Exponential growth online store and the logistical nightmare caused by the coronavirus pandemic have boosted demand for deposits in the United States, and investment funds are placing big bets on this market.
“It’s hard to find a place that works for clients,” explains Michael Schipper of Blau & Berg, a brokerage specializing in commercial real estate in New Jersey and New York.
The share of free space has been decreasing for a year and a half and reaches 3.4%, despite the fact that more than eight million m² of new warehouses and facilities were built in the first quarter of 2022, according to the Jones Lang real estate company. LaSalle.
Demand is such that in just six years, purchase prices have tripled or quadrupled in the region served by Schipper, in northern New Jersey. In the case of rentals, the average price has risen 22% in two years in the United States, according to a study by consulting firm Beroe.
“THE logistics and e-commerce distribution are the catalysts for this need for space in the US market,” according to Beroe, noting that demand has exceeded supply for 18 months.
Shop and last mile
On the other hand, unlike traditional warehouses, online order preparation requires space with enough technology, explains Mark Manduca, head of investments at GXO, which offers logistics solutions for companies.
This equipment, which requires a huge investment, makes it possible to “improve the efficiency of the site and accelerate the activities of the warehouse to meet the demand for same-day delivery”, explains Beroe.
Developed by Amazon, the new standard for instant delivery eventually forced itself on the Seattle giant’s big competitors who had to chase it.
After Amazon, “many companies accelerated the development of their online offer”, points out Manduca. “They are the ones who drive the demand for deposits for the last kilometer”, that is, the “last mile”, that is, they allow you to reach your final destination directly.
The dictatorship of instant delivery has forced many brands to increase the number of warehouse locations to get closer to their customers, especially in urban areas where real estate was already expensive.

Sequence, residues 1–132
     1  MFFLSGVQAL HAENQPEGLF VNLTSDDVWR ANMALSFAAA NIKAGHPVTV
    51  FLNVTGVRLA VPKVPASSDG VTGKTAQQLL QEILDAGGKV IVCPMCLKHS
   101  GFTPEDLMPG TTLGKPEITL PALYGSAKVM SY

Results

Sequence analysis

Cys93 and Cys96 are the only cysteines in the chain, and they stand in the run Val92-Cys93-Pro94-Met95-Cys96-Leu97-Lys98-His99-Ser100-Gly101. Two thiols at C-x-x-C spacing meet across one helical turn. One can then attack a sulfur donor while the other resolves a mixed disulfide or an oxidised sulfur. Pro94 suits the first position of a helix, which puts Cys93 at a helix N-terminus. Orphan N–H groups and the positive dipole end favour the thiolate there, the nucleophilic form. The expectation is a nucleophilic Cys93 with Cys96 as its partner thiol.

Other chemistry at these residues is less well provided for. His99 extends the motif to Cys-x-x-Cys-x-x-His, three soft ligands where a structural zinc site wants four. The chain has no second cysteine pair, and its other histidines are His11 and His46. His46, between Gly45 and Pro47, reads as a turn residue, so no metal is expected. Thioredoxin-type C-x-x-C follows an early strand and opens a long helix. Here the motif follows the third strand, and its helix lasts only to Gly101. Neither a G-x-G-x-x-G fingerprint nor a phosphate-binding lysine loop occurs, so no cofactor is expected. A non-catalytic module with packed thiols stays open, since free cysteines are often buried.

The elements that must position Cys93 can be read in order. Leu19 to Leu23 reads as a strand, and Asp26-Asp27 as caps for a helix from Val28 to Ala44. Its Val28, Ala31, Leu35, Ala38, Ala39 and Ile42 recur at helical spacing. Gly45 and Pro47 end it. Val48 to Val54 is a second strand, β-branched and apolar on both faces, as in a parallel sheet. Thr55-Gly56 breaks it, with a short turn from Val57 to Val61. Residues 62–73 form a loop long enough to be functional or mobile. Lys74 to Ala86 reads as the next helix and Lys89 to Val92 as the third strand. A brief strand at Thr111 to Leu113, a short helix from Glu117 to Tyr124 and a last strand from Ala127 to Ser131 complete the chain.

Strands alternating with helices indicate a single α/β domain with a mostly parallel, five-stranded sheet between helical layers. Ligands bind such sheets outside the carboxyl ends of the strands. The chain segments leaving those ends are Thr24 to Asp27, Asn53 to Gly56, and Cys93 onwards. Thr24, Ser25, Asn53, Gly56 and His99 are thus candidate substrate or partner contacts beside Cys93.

The pandemic fueled a movement that was already developing and increased e-commerce revenue by 56% between early 2020 and early 2022.
Correction in sight?
Another effect of Covid-19: the logistical inconvenience caused by the closure and health restrictions.
“We had misplaced containers, supply issues and, more recently, overstock,” Manduca recalls.
To limit these risks, this expert explains, many companies are “looking for production locations closer” to their markets, “and this increases the demand for warehouses.”
“We’re seeing an increase in companies increasing their inventories to alleviate supply issues,” which is why they are looking for additional storage space for products, Jon Gray, number two at investment firm Blackstone, said in April.
Blackstone is one of the companies that has invested a lot in the sector and currently has deposits worth 170 billion US dollars. It competes with Prologis, the world’s number one in the field.
Other investment capital giants, such as KKR, Carlyle, Apollo or Sweden’s EQT, bought sites to take advantage of the ‘warehouse’ storage boom.
“The outlook for this market is positive in the long term, but we need to take a break,” warns Michael Schipper, for whom the tightening of credit conditions that is taking place could be overdone. “You cannot continue on this trajectory (of growth in the sector) indefinitely,” he reflected.
Among the signs of a possible correction is Amazon’s decision to lease or renegotiate the lease of more than 2.7 million square meters of warehouse space.
“We will see a drop in demand and rents will stop rising at this rate,” Ward Fitzgerald, director of EQT Exeter, a subsidiary of EQT, warned The Wall Street Journal.
“The question,” according to Michael Schipper, “is how much and for how long.” Nobody knows”.
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Source: AFP, via UOL